Ever spent a bunch of time getting a release set up and uploaded to Soundrop, only to receive an email from us the next day telling you to change something before we’ll distribute it? Don’t worry, it happens to the best of us.
Here’s the thing: our release-approval process isn’t a TSA security check, but we do review every release prior to its delivery to platforms like Spotify and Apple Music. We look at the artwork, we inspect the formatting of metadata, we check to make sure your publishing and songwriter information is correct - for EVERY release, by hand (by eye).
This personalized process provides a level of protection to DSPs, minimizing the risk of copyright infringement, but moreover it allows us to ensure that your release is “retail-ready” across all platforms, which results in better searchability, visibility and ultimately more streams & downloads for you. It also allows us to distribute releases that many other distributors can’t.
So what are we looking at? A lot of stuff, really, but here are the main ones:
- Does the information on the cover match the album-level metadata? Your artist name, featured artists, album title, title versions, “volume” numbers, all that. It’s gotta be exactly the same on the cover as it is in the info you type in when you’re setting up the release. Differences between the info on your cover and the actual info about release are super confusing for users of music platforms, and it can get your music hidden and kicked off of stores.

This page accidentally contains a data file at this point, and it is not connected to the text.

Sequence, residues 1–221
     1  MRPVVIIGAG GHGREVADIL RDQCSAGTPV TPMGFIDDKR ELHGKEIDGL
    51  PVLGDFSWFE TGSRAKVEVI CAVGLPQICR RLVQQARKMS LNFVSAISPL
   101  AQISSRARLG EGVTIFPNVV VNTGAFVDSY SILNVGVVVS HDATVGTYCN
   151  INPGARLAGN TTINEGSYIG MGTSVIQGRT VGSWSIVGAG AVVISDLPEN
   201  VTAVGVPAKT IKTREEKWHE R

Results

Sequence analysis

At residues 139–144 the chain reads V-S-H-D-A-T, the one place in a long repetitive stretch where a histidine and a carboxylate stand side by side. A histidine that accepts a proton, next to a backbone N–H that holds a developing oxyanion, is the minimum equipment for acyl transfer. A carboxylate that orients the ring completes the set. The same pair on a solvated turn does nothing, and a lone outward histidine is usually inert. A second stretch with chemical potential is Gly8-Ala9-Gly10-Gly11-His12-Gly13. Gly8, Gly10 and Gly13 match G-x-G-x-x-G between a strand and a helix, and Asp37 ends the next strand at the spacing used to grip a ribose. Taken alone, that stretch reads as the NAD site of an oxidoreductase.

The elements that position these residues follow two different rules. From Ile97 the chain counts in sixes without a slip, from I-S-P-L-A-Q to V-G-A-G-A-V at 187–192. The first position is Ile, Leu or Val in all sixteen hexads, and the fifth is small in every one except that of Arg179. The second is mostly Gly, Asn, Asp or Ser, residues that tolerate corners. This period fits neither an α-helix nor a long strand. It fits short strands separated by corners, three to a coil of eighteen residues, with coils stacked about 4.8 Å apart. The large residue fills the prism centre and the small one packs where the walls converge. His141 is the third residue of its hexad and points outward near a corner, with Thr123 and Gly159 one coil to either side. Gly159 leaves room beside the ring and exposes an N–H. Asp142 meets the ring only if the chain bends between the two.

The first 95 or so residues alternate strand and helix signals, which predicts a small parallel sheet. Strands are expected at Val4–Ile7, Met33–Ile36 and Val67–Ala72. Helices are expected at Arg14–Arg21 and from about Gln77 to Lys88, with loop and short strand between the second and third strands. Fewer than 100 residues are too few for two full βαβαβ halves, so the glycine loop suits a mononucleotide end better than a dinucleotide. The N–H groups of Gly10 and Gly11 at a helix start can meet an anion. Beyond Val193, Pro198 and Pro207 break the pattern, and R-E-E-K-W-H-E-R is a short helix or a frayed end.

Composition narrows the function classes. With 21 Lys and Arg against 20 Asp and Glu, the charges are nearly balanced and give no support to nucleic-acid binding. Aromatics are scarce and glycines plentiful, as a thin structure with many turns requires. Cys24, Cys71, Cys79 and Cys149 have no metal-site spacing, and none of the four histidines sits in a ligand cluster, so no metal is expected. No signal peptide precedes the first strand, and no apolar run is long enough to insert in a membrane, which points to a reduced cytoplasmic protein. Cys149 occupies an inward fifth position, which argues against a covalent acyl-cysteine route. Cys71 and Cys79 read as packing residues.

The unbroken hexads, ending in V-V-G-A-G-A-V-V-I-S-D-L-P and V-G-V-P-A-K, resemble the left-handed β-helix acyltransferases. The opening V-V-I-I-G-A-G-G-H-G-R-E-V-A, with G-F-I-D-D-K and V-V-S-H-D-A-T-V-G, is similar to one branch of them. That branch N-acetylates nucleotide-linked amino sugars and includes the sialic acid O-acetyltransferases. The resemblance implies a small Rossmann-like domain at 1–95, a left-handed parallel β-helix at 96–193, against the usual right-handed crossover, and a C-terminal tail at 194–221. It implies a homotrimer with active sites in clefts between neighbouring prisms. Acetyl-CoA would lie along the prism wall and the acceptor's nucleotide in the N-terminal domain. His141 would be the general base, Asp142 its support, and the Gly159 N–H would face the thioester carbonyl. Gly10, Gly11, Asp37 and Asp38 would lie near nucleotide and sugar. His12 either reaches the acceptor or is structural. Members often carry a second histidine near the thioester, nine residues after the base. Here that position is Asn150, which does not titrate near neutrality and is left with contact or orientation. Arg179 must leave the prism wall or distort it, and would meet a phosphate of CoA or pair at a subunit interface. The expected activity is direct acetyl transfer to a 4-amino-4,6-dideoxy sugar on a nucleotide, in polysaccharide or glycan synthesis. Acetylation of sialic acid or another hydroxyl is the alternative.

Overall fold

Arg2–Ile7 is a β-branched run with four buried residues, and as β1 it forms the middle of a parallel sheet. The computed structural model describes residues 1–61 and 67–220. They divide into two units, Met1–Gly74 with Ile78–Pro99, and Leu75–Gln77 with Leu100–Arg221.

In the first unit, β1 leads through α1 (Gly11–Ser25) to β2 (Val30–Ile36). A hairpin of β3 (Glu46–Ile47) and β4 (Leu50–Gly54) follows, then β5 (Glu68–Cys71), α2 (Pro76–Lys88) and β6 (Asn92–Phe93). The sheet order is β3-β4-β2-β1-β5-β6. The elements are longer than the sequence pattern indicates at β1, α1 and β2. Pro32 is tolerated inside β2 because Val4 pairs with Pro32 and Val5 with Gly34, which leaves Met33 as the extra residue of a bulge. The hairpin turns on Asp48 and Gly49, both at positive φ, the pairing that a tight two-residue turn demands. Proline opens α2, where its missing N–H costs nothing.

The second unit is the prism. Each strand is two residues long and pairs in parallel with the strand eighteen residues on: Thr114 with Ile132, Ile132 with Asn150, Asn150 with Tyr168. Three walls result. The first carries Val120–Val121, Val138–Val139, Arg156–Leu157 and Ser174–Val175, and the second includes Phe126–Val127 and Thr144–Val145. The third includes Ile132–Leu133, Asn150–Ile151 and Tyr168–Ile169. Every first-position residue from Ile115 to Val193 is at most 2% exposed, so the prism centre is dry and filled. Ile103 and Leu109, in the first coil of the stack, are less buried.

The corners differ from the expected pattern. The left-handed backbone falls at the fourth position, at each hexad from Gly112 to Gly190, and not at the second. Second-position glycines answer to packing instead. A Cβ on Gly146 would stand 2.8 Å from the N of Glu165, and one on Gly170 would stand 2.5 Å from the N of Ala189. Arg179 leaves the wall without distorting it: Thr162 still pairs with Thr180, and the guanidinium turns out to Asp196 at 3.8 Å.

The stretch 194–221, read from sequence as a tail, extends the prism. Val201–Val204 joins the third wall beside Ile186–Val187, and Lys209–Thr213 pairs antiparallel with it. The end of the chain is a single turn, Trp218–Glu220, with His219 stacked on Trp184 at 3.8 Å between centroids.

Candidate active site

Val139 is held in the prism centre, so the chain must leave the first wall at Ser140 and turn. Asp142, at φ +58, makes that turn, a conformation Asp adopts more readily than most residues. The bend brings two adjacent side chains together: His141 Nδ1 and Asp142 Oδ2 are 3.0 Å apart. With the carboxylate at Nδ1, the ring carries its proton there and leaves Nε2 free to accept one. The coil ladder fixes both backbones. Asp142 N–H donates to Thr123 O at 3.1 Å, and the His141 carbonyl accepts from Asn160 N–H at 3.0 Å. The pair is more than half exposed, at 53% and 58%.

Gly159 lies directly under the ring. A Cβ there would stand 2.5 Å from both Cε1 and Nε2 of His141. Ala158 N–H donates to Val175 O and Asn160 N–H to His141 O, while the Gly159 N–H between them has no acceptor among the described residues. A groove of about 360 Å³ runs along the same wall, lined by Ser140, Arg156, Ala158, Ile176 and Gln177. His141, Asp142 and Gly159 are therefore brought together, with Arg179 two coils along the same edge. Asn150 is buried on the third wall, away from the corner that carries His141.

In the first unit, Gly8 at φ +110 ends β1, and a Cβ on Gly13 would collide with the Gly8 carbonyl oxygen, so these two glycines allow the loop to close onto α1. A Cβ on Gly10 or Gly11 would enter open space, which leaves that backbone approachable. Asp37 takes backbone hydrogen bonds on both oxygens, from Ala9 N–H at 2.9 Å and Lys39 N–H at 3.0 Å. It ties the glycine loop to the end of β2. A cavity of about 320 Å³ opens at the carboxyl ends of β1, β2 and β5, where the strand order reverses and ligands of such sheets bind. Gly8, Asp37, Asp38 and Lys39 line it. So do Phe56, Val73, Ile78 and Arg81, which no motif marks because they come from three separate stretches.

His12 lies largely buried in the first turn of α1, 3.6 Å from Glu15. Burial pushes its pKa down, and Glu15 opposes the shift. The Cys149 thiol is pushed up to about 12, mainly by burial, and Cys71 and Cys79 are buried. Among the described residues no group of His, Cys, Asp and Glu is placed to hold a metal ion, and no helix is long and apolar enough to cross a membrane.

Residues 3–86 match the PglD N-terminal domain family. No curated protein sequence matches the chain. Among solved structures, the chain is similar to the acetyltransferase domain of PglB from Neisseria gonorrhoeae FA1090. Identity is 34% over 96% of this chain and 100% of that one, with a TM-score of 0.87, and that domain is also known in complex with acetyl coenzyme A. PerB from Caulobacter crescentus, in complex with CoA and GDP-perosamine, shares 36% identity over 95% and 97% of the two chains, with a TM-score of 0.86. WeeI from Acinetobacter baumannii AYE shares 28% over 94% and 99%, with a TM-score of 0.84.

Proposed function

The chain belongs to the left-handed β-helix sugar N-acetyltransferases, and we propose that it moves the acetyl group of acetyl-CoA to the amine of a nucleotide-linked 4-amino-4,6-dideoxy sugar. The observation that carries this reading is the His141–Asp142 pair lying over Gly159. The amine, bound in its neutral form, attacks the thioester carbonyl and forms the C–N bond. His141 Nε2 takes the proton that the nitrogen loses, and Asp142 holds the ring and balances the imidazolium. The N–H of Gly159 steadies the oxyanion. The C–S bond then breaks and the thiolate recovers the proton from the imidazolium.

- Cover Art Quality! It can’t be blurry, crappy, porn-y, racist, nazi-ish, or otherwise evil-ish. It can’t contain copyrighted images of cartoon/videogame/anime characters or real-life celebrities or trademarked images in general. It can’t have phone numbers, email addresses, URLs or any kind of contact info. And again: the info on the cover has to match the actual info you entered about the album.
- Is the artist name legit? It’s gotta be original (yes, if your name is Bob Smith you can use your name, though you’d be well-served to think of a more original alias). It can't use special characters or emojis. It can’t be a random run-on thing like “Funkdog AKA Big F & the Third Avenue Crew feat. Fat Wilma in the style of Mozart”. And no, it can’t be Justin Beiber or Little Uzi Vert, where you’re trying to game searches for famous artist misspellings.
- Generic stuff! You can’t call your album “My Album” and you can’t call yourself “Artist Name”. You can’t call a track “Song 1” or “Track 10”. You can’t have “Springtime Meditations” as an artist name and you can’t call your album “Greatest Hits”. Lastly, having your genre in your name can be considered generic. Your fans will know how metal you are based on your studded black jackets (and the fact that your actual genre lists your project as metal).
Again, we check for A LOT of different things – these are just the main ones - and if you’re being legit and use common sense, you’ll be fine. But the rules for commercially distributing music are significantly different than the rules for YouTube videos.